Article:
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How to use iron on hem tape

Updated April 17, 2017

Iron-on hem tape is an ideal alternative to sewing for those who cannot sew or are pressed for time and need a quick fix but don't want to pay for the services of a professional seamstress. Many brands of tape are widely available in sewing shops and department stores. While each manufacturer will provide slightly different directions for use, they all work in the same basic way to provide an extremely user-friendly solution to a ragged or too long hem.

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  1. Try your garment on and pin the hem to the desired length. Ask a friend to help if you find it difficult to do this on your own.

  2. Take your garment off and carefully turn it inside out. If you are working on material such as a curtain, turn it over and lay it on a flat surface.

  3. Adjust the pins for a more precise measurement. Check that your hem is turned up an equal amount all the way around, using a ruler or tape measure. If you are hemming sleeves or trouser legs, measure them both to check they are equal in length.

  4. Cut surplus material off, if necessary, with dressmaking scissors. Your hem should only be 6 mm to 1.2 cm (1/4 inch to 1/2 inch).

  5. Preheat your iron to a silk or wool heat setting. Read the directions on your hem tape package; some brands recommend using your iron with steam, while others do not.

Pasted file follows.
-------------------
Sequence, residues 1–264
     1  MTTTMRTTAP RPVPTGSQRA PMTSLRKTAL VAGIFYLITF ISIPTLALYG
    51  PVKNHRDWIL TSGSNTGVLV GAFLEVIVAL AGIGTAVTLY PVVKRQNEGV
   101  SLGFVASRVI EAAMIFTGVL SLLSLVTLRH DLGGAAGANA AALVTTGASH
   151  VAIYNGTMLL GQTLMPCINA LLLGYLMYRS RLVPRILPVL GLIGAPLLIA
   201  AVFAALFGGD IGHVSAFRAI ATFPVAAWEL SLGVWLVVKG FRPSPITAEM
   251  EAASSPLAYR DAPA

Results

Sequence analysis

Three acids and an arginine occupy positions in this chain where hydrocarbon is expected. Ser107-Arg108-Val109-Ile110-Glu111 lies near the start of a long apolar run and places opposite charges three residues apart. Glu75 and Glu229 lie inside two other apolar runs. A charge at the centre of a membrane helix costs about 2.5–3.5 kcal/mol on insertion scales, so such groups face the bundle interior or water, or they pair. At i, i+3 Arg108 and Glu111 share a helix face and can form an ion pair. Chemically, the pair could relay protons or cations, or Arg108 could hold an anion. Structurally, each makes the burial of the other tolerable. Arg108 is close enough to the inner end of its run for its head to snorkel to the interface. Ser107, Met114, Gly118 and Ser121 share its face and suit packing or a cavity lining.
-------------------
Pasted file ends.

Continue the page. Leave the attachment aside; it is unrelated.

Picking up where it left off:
6. Iron your hem to form a sharp crease. Remove the pins.

  7. Place your iron-on hem tape, with the adhesive side down, inside the hem and sandwich it between the fold. Press your iron on one section of the tape and hold it lightly. Follow the manufacturer's directions regarding how long you should press your iron down. Continue around the entire hem until all tape is attached.

  8. Turn your material right side out and iron the entire hem in a sliding motion. Leave it to cool completely before wearing or handling your material.

  9. Tip

    Prewash your material before applying the iron-on hem tape. Do not use fabric softener, so that the tape adheres to the material better. Do a practice run; apply your tape to a scrap piece of material. Use iron on hem tape to repair small tears in fabric; cut a length of tape slightly longer than the tear and iron it onto the underside of the tear. Choose tape in the same colour as your fabric.

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Things You'll Need

  • Pins
  • Ruler or tape measure
  • Dressmaking scissors
  • Iron

About the Author

C. Giles

C. Giles is a writer with an MA (Hons) in English literature and a post-graduate diploma in law. Her work has been published in several publications, both online and offline, including "The Herald," "The Big Issue" and "Daily Record."

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